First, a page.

Bubbling or blistering occurs when paint starts to separate from the underlying surface, such as wood siding. Bubbling has two primary causes: excessive exposure to heat and excessive exposure to moisture. Heat-related bubbles tend to occur when the temperature rises after you apply the paint. Moisture-related bubbling occurs when water gets into the siding. Solving the problem of bubbling may involve nothing more than repainting the area. In some cases, however, you may need to stop a long-term moisture problem.
Things You'll Need
- Metal flashing
Use a scraper to remove the bubbling paint from the affected area.
Sand the area with sandpaper until it has a smooth finish.
Apply a coat of primer over the area with a brush.
Wait until the primer dries, which might take a few hours or up to 24 hours depending on the environmental conditions in your area.
Brush on a matching coat of paint on the area. Avoid applying paint to an exterior wall when the wall is exposed to strong sunlight.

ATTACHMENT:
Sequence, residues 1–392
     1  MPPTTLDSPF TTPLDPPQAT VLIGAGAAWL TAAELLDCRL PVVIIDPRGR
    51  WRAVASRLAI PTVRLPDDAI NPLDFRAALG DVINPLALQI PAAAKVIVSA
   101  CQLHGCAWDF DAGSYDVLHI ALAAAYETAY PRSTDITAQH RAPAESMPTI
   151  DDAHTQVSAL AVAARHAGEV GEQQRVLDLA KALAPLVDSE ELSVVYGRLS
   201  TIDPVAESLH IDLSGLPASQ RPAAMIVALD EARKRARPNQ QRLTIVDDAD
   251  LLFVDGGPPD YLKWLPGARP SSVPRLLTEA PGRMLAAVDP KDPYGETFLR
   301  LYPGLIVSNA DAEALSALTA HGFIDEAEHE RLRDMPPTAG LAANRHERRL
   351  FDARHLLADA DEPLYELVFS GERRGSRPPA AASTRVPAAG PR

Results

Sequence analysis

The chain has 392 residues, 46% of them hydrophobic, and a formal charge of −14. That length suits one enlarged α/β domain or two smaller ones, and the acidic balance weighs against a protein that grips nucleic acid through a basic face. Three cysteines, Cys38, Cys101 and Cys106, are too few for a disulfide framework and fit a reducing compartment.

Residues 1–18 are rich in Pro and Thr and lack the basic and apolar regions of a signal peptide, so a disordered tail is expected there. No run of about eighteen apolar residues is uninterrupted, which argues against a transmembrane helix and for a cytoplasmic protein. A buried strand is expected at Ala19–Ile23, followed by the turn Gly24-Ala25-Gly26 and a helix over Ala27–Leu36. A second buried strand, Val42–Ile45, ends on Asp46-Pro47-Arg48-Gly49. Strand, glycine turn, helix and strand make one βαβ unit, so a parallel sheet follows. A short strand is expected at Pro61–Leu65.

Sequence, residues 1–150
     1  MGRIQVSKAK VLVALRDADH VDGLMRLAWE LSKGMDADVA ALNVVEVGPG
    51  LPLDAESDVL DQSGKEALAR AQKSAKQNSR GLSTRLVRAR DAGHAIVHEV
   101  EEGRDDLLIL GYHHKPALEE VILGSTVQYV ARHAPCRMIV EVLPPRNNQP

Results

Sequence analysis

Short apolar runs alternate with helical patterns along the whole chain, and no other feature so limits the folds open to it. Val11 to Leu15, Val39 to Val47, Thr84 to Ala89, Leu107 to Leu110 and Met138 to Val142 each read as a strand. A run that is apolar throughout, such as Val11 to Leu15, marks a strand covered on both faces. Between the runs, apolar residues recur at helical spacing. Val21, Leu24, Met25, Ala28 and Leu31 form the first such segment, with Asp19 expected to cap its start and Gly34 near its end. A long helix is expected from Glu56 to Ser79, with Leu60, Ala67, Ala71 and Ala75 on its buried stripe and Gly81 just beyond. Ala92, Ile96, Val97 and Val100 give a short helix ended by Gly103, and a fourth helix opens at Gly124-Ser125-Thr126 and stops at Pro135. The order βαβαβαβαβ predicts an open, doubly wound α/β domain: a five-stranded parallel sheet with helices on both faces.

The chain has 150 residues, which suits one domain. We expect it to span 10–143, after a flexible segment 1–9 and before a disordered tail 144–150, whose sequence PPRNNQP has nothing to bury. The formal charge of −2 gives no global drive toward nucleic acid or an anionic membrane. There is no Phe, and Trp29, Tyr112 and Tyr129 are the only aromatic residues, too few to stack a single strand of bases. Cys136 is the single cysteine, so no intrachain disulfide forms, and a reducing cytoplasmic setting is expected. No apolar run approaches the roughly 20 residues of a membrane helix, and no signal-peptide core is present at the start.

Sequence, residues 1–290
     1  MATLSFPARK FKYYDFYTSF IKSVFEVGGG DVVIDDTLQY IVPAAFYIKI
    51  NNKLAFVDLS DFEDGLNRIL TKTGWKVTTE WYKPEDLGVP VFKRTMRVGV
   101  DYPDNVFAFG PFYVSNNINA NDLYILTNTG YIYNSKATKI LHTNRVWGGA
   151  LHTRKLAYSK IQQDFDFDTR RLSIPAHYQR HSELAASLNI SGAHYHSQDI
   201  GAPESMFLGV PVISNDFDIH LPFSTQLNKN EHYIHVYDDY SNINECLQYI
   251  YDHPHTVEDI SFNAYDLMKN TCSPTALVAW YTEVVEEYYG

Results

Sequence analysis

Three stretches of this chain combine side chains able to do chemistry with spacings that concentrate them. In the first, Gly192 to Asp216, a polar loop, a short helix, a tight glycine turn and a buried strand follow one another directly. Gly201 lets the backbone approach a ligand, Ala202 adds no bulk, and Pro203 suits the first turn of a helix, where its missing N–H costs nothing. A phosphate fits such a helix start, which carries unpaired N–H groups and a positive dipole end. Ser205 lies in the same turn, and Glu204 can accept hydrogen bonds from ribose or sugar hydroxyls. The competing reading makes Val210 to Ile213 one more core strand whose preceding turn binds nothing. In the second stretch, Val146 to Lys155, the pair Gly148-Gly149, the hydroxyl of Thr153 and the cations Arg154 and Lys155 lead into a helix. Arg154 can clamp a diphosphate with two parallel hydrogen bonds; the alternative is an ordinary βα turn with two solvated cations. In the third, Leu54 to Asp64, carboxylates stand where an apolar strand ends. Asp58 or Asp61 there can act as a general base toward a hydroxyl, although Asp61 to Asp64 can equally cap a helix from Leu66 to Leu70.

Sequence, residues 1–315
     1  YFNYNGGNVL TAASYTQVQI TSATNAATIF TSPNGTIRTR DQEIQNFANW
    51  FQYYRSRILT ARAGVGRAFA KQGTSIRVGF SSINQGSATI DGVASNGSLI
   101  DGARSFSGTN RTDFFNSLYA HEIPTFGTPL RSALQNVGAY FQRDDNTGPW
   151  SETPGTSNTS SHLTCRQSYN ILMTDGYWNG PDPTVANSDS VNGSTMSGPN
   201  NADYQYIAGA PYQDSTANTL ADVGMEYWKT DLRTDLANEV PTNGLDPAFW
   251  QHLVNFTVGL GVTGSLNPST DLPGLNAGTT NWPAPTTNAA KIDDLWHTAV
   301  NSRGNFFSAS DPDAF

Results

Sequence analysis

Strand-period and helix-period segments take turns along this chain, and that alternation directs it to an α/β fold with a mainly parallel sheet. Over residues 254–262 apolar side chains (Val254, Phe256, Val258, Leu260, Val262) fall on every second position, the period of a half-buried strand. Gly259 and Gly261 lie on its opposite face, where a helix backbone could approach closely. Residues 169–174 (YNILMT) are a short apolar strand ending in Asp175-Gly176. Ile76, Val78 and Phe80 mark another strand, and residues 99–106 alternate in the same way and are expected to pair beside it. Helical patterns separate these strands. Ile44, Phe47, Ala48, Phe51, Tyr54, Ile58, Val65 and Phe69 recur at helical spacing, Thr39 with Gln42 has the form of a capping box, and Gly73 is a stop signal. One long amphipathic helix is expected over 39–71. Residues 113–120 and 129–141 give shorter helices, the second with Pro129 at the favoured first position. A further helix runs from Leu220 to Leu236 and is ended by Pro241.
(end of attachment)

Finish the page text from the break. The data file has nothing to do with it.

Check for any areas where water might leak into the wood siding, such as poorly caulked window sills or frames. Apply a new bead of caulk around any windows where water might be leaking into the wood.
Look for any plumbing leaks around bathrooms and kitchens or in laundry rooms.
Check to see if water vapor coming from a humidifier might be causing bubbles.
Inspect any metal flashing around doors and windows where moisture might get through. Ensure that the flashing is in good repair. Replace as necessary.
Tips & Warnings
- Consider having a professional install a vapor barrier in your wall if none exists. This will prevent water vapor moving from your interior to your siding.
- Install an exhaust fan, if necessary, to lower your home's humidity.